I don’t really vote any more, but I keep my Repub voter registration. The reason is this—the single strongest factor in vote results is the party breakdown of voter registrations. When a precinct has 65% Repub voters registered, but the Dem wins the precinct with 55%, the game is obvious, for someone who is actually paying attention and knows how things work.
The relationship between voter registration percentages, at the precinct level, and actual vote tally percentages was tight, very tight, until 2008. That’s when precincts tallying 65% or 70% Republican registrations started going for the Dem candidate 50% or more. There’s your break, and that is where Dominion entered the picture, 2008.
This seems all too plausible, but I would like to see the documentation.
From time to time a debate breaks out in outsider politics between those who prefer meta politics and those who prefer activism. The former takes the view that it is ideas that drive history so getting the ideas right is the priority. The latter notes that we live in the real world not the world of ideas. Keeping the groomers out of the schools, for example, is what matters now. You are not going to talk them out of it so you have to get involved in order to solve the immediate problem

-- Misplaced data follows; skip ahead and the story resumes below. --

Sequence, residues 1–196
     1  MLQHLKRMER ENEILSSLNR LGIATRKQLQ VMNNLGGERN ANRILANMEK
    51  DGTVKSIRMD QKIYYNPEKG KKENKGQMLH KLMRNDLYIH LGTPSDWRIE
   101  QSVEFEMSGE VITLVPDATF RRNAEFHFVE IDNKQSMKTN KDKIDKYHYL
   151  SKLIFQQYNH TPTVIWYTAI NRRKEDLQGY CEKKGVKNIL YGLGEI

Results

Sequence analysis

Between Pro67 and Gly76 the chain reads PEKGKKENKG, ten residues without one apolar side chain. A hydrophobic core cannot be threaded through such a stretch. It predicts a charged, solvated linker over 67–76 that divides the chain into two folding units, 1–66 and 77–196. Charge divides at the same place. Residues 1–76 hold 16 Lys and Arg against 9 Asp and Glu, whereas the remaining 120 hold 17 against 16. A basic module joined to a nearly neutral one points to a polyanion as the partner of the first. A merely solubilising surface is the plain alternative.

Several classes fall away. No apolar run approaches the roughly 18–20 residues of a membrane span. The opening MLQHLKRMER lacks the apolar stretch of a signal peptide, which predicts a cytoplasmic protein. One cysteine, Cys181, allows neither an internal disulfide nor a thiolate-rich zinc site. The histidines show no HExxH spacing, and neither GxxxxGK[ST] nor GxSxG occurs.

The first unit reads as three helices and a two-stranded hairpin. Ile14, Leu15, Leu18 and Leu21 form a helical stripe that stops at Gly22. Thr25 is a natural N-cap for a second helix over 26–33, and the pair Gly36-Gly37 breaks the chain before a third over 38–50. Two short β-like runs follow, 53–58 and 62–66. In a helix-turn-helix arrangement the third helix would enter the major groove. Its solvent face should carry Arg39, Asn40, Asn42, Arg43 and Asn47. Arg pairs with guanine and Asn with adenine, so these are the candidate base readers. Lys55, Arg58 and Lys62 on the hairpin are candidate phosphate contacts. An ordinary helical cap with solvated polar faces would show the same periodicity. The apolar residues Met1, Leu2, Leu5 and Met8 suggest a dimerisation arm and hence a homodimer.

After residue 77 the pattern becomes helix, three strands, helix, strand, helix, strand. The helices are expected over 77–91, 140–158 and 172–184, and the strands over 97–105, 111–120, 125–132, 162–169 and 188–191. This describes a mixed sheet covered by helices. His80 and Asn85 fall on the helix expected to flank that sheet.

This is a debate that has haunted conservative politics and it was something that haunted radical politics until the 20th century. Conservatives never solved the problem and it eventually ruined them. The reason is they committed to participating in a political system that leaves no room for conservative ideas. Once you sign onto the long list of left-wing taboos and mob rule, there is nothing worth defending. Conservatives became the tax collectors of liberal democracy.
Another non-surprising discovery is that [Bätzing] describes himself as a “conservative.” This is so if we take the word in its modern connotation as one who surrenders, gracefully, to the left. Surrender is precisely what he wants, saying he wants the Church to “change.”